ONdigital, the pay TV company 50/50 owned by Carlton Communications and Granada, said the move would cost its two shareholders pounds 200m in additional investment over the next two years.
But the company said its counter-strike would enable it to reach its break-even point of about 2 million subscribers in three years' time, having already signed up 110,000 customers in its first four months.
Carlton's shares jumped 25.5p to close at 533.5p, while Granada's rose 19p to 1238p. BSkyB's shares were little changed, down 2.5p at 583p.
"This levels the playing field," Lehman Brothers analyst Julien Roch said. "The whole bet is that you lower your profitability, but you bring forward the number of suscribers, and on a net present value basis, it's worth it."
ONdigital offers a choice of some 30 channels through customers' existing TV aerials compared to BSkyB's 150-channel platform, which can only be received via satellite dish.
"Today marks the beginning of the end of analogue TV," ONdigital's chief executive Stephen Grabiner said, adding that the giveaway plan should speed conversion to digital TV.
ONdigital's move had been expected after BSkyB, which is 40-percent- owned by Murdoch's News Corp, announced earlier this month that it would give its pounds 200 digital TV equipment to subscribers free of charge.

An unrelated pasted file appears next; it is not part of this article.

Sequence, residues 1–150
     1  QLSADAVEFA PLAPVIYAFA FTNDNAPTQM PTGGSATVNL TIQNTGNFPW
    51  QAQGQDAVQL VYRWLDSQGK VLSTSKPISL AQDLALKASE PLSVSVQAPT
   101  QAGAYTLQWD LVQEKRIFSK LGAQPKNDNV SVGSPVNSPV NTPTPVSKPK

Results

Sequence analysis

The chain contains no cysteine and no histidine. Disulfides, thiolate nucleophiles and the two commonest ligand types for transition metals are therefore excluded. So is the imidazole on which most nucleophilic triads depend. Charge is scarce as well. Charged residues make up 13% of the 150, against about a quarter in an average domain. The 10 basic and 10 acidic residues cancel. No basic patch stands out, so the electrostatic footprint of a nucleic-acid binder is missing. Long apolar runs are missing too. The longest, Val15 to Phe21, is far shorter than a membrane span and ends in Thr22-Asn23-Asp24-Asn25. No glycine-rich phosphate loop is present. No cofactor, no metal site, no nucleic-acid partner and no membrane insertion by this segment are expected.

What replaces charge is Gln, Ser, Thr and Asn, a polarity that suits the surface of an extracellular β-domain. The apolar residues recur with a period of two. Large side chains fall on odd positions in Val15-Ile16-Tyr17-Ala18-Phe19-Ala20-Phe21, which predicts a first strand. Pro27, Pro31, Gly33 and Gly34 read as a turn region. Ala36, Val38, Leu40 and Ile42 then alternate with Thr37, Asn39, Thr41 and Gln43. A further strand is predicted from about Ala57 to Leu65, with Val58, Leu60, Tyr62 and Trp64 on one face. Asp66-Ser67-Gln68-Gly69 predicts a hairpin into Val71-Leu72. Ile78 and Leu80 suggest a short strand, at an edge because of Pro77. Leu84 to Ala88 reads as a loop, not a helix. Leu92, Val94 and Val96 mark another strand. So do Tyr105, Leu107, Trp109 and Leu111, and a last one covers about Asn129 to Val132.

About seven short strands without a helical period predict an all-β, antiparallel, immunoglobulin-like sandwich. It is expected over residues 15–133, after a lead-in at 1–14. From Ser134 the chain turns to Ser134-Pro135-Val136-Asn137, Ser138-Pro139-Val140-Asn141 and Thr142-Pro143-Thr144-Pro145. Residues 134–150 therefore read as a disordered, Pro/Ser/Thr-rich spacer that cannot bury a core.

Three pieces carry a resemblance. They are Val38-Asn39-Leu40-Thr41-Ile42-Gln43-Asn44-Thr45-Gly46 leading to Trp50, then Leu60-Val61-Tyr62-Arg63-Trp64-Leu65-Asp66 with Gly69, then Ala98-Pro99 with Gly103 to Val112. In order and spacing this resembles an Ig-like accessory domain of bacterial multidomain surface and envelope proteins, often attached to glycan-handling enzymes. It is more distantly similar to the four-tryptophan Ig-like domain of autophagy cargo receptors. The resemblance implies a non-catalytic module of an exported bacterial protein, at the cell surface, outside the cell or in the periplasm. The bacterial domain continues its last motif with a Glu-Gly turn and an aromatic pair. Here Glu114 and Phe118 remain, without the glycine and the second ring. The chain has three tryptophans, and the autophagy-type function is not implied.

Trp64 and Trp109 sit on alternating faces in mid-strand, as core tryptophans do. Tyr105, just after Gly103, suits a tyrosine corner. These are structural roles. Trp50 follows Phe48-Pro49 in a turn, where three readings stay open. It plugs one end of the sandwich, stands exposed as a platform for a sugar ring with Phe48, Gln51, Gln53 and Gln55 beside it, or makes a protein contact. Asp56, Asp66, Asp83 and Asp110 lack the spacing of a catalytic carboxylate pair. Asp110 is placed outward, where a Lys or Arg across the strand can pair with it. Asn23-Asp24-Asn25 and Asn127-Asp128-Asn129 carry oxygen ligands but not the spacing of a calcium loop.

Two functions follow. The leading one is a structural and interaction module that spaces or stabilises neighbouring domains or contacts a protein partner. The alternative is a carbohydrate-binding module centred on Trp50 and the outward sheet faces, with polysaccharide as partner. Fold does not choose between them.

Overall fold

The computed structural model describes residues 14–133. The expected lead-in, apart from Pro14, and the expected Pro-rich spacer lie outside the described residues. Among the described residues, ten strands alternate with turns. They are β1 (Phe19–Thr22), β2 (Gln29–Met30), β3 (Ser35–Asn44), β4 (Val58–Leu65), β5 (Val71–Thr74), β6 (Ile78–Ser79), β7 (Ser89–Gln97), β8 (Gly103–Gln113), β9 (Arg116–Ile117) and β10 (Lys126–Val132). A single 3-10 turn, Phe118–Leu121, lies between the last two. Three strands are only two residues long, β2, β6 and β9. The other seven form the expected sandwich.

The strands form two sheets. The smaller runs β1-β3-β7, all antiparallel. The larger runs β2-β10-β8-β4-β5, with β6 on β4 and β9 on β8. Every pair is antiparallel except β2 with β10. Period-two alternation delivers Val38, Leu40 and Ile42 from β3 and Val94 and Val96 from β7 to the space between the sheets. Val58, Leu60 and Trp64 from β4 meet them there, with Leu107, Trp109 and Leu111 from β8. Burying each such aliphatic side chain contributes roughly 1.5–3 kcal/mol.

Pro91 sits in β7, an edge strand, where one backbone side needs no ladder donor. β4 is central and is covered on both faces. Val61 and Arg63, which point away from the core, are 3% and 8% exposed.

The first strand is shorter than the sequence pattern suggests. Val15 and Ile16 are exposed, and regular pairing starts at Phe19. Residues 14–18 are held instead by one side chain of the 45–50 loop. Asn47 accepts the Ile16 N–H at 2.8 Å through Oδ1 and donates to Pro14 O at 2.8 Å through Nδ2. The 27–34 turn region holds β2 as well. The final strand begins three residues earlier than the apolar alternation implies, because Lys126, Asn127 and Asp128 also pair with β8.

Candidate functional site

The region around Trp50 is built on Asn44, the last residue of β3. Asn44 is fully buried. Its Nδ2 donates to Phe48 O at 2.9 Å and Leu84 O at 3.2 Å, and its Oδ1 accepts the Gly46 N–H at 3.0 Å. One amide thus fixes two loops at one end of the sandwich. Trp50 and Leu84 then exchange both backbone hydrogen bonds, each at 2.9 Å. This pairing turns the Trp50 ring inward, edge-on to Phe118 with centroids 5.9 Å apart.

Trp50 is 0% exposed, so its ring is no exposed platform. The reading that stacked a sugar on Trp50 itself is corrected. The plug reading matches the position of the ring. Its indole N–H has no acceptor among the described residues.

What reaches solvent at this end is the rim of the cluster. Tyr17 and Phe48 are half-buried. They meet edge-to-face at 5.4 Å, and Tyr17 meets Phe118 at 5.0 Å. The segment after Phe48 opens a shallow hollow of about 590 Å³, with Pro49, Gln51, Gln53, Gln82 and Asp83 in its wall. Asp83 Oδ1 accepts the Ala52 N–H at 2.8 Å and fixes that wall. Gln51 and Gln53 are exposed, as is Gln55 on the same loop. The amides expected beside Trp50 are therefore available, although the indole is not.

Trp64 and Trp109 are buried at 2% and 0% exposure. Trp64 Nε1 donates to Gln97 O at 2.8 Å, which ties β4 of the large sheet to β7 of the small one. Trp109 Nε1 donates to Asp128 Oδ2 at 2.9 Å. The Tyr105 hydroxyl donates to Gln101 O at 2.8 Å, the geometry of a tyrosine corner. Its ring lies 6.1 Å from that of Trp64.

Although ONdigital took three weeks to confirm it would match BSkyB's offer, it plans to be the first to the market with free equipment, trumping its rival by one working day.
Whereas BSkyB's offer takes effect on 1 June, ONdigital said its free boxes will be available this Friday. ONdigital's giveaway replaces its existing offer, which required customers to buy pounds 200 worth of goods in order to receive a free digital decoder.
ONdigital also plans to scrap its pounds 20 connection charge, whileBSkyB's SkyDigital subscribers need to pay a pounds 40 installation fee.
Besides scrapping the charge for digital decoders, ONdigital said it was subsidising the price of integrated digital TV sets so they cost roughly the same as analogue TV models. The new sets will have ONdigital decoding equipment built into them, eliminating the need for set-top digital TV decoders.